8. Be patient! As long as you have done everything on this page, your fish should figure it out. Make sure you have a lot of the right species and it should happen!


  • ¬†Most african cichlids do not lay eggs directly. They will mouthbrood, which means they will have eggs in their mouth to incubate. Another clue of a gravid female fish is that they will not eat when they have eggs in their mouth.
  • My first time breeding I scooped out the gravid female and placed her into a small tank. This helped me get more fry (baby fish), but in the long run it is too inconvenient, and when the female is returned back to the main tank the social order of the cichlids are disrupted.
  • The fry can be fed baby brine shrimp (recommended), spirulina pellets, finely crushed flake food, and infusoria.

My Video on Cichlid Mouthbrood


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      Lana 23 months ago

      NO Malawi cichlids can get bloat from a high protein diet and their main source of food is vegetation. You should ONLY feed your fish food that is designed for their digestive tracts, aka Cichlid feed. As far as your tank being brown, that isn't even a little healthy for your fish, bacteria and other harmful things can grow in their with them, as well as parasites. This is a good way to get ICK. Your entire tank can die overnight. Some of your advice is ok, but as far as putting human food in their and having a brown tank, those things are not something you should even recommend. Also, you should have at least a 10 gal for Malawi cichlids, that many fish in such a small tank is, again, not healthy for the fish, the reason your tank is brown and green, and also cruel.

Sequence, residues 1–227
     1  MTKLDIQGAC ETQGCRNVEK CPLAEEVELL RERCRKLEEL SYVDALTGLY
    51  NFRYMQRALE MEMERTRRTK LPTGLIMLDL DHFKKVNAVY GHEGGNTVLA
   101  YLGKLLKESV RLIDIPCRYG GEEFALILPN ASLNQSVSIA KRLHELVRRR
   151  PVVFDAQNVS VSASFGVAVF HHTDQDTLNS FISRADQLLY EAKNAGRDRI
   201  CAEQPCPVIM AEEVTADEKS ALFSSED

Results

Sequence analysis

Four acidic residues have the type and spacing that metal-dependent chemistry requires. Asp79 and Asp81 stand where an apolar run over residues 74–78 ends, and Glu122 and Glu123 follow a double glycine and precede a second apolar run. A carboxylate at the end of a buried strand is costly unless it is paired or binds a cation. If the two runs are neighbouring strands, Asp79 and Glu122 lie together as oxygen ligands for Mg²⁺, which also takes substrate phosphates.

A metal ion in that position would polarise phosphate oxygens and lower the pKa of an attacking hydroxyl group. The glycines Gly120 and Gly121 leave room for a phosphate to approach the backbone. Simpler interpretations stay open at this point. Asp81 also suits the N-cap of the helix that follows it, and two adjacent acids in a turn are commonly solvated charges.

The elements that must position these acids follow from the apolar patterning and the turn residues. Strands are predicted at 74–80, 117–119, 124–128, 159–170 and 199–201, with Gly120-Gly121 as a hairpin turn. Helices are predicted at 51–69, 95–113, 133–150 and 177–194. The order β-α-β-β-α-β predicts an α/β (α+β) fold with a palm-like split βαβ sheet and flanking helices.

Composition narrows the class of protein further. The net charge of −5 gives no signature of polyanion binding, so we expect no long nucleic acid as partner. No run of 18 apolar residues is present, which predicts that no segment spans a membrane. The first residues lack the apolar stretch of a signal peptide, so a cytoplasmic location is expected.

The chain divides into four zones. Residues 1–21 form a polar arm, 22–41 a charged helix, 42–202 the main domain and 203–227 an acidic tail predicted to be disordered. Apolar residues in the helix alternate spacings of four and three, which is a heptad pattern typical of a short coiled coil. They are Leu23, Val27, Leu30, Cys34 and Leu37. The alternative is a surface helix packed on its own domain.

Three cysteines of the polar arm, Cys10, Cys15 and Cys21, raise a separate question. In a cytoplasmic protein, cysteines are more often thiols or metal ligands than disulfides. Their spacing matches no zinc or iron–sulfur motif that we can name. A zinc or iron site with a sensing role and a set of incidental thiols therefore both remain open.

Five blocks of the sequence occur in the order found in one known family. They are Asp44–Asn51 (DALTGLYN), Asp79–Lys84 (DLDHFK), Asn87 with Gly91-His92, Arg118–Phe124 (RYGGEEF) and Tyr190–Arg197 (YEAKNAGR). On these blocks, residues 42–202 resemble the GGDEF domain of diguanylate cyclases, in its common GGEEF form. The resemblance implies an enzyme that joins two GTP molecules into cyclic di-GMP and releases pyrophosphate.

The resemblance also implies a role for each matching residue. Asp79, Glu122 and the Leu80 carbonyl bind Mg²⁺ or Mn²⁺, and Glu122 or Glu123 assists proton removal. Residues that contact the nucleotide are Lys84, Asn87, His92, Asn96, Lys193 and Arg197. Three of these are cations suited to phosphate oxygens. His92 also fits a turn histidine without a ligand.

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      Joshua 4 years ago

      Large and small cichlids will eat just about anything we human’s will. However it is important to grind it up and feed in very small amounts (as much as can be eaten in 3 minutes). Yes they like mashed vegetables, Cooked mashed green food, baked beans, scrambled eggs, a small amount of boiled egg (crumbled up), spaghetti, bread, cake, banana, prawns or shrimp, Still don’t forget to also feed them the recommended on sale aquarium foods. Another thing is to hand feed the fish, let them get used to the five fingered monster that is giving them a treat. This will also instil trust and calmness in your fish.

      Regarding your large Cichlid Aquarium. As the fish grow they will produce more acids in their waste into the water. To balance this try adding some coral sand to the aquarium substrata.

      Just like a surrounds of an ocean coral reef, if the water starts to become acid the millions of tons of coral sand surrounding the coral reef will slightly dissolve bringing the water back to the perfect PH that nature provides for our coral reefs around the world.